Thursday, June 11, 2020 7:15 – 9:00 p.m. — Contact email@example.com for connection information.
Susan J. Rogers’ poetry weaves the personal with mythic tales, including those of Goddesses from Tibet to the British Isles. Rogers, a choir director and musician who has lived near Chicago’s Lake Michigan, in New Mexico’s desert, and in South Central Texas, draws metaphor from these landscapes.
Rogers’ first poetry collection, In the Beginning: an Egg, a Mask, a Woman, was published in 2018 and contains illustrations by her partner, artist Luisa-Maria Potter. Other recent publication credits include the di-vêrseˊ-city anthology of the Austin International Poetry Festival, and the anthology Enchantment of the Ordinary (Mutabilis Press, 2018). Rogers has been interviewed about her poetry on Texas Nafas, a poetry-centered public access television program, and her musical compositions (with poems as lyrics) have been performed at the University of New Mexico and at Chicago State University.
Cindy Huyser hosts; an open mic follows.
CH: What is your first memory of poetry? When did you first become interested in writing?
SJR: My first memory of poetry was in the first grade. Our teacher had us make cards for events like Mother’s Day, but gave us a verse with a blank word at the end of every other line so we could fill it in. That was magical to me.
CH: When did you start thinking of yourself as a writer? Do you have a primary identity as a writer?
SJR: I started thinking of myself as a writer when I was nine years old. My primary identity is as a poet.
CH: Your poetry has long been interested in the mythic, from the Tibetan Tara to goddesses of the British Isles. Tell us a little about your connection to Goddess myth.
SJR: I have a thirst for knowledge about the Goddess and relevant mythology. It is about untangling the lies I was taught and standing proudly as a woman in the reflection of the divine.
CH: As a musician and choir director, what is your take about the role of music in poetry?
SJR: When I choose music for the choir, I always look at the lyrics first. When I write poetry, I listen for musical elements in words and phrases to inform line breaks, stanzas breaks, alliteration, and internal rhyme so the poetic techniques support the meaning.
CH: You’ve lived in a variety of climates, notably near Chicago’s Lake Michigan and in the desert of New Mexico, as well as in south central Texas. How does place figure in your work? What has changed in your work as you’ve moved locations?
SJR: The environment of a place is deep inside me even when I am not aware of it. Moving is always a loss, like missing a person. For example, I wrote most of my New Mexico poems after I moved from there to Texas. My relationship with nature has evolved also. Luisa says that painting a landscape is like saying a prayer. Writing poetry with natural images is similar in some ways. It is about seeking the wisdom reflected in the web of life.
CH: You’ve been busy in the last couple of years, with a debut poetry collection in 2018, and another forthcoming. How have you managed to make room for this work? What is your writing life like?
SJR: I don’t have a writing schedule. I write when I feel an image or have an insight so strong it needs to be written down and then I work it into a poem. My goal is not just to have a poem emerge, but to somehow make the world a better place. For example, I wrote the title poem to In the Beginning: an Egg, a Mask, a Woman because I met a young woman struggling with self- esteem in the company of young men. It made me upset that this was still going on, so I wrote about women in control of their own image and that of the Goddess in ancient times.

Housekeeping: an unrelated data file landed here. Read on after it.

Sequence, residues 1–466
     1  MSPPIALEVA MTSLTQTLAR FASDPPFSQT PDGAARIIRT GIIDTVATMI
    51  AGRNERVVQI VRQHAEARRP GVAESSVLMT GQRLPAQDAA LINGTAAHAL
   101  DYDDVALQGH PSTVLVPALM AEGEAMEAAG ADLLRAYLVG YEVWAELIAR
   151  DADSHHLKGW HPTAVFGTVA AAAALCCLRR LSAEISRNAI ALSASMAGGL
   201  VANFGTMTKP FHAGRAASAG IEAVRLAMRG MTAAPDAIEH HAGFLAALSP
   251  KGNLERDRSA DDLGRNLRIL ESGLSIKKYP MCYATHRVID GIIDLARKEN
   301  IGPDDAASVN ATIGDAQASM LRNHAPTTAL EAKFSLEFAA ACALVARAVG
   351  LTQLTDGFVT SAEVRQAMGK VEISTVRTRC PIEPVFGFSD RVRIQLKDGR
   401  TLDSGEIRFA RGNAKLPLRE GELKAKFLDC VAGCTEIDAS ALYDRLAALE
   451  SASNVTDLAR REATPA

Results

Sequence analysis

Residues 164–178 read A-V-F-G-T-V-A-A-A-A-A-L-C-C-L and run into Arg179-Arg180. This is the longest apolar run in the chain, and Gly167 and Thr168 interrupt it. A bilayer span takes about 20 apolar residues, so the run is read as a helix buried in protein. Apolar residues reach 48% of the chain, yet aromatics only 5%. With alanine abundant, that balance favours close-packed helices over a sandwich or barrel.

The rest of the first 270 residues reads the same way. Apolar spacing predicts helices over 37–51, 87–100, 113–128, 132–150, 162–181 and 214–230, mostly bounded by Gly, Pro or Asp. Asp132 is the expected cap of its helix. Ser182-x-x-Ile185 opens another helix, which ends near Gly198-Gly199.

CH: Tell us a little about your first poetry collection, In the Beginning’ an Egg, a Mask, A Woman. What inspired this book, and how did it come together? How was it to collaborate with your partner, Luisa-Maria Potter, for the book’s illustrations?
SJR: Luisa is a talented artist and I appreciate the opportunity to collaborate with her. In the Beginning: an Egg, a Mask, a Woman started as a place to collect several poems about Tara. She was the first goddess I encountered who was not a truncated personality or actively being humiliated by male gods. Instead, she has 21 wonderful qualities we can all emulate, and has a fully formed personality that responds to a variety of situations. She is also fiercely protective to all who call out to her. I decided to poetically invite her into my own history and that of others I knew. I included other goddesses and stories later. I believe that when we rewrite our own history, it has the power to transform us.
CH: Tell us a little about your forthcoming book, Landscapes of the Mind. What’s been different for you in this project, as opposed to your inaugural book?
SJR: My new book, Landscapes of the Mind is longer and more diverse than my first book. It includes poems about contemporary themes, for example about COVID-19. It includes several poems about place, including a series of New Mexico poems. It also includes more poems about the goddess and mythology from Kuan Yin and Nerthus to the original story of Eve.
CH: If you were to recommend three “must-read” poets, who would they be, and why?
SJR: I would like to recommend three directions of inquiry instead. The first is to find a poet from history who you admire, in my case, W.B Yeats. The second is to find someone who speaks to you, who understands who you are. In my case, this is Judy Grahn. The third is to find a poet who challenges your experience and expands your horizons, in my case, Audre Lorde.
CH: What are you reading now?
I am reading books by poet laureates of the U.S.: Joy Harjo’s Conflict Resolution for Holy Beings and Richard Blanco’s How to Love a Country. I appreciate the fact that poet laureates are now as diverse as this country. Joy Harjo is from the Muscogee Creek Nation and Richard Blanco is a Gay Cuban-American.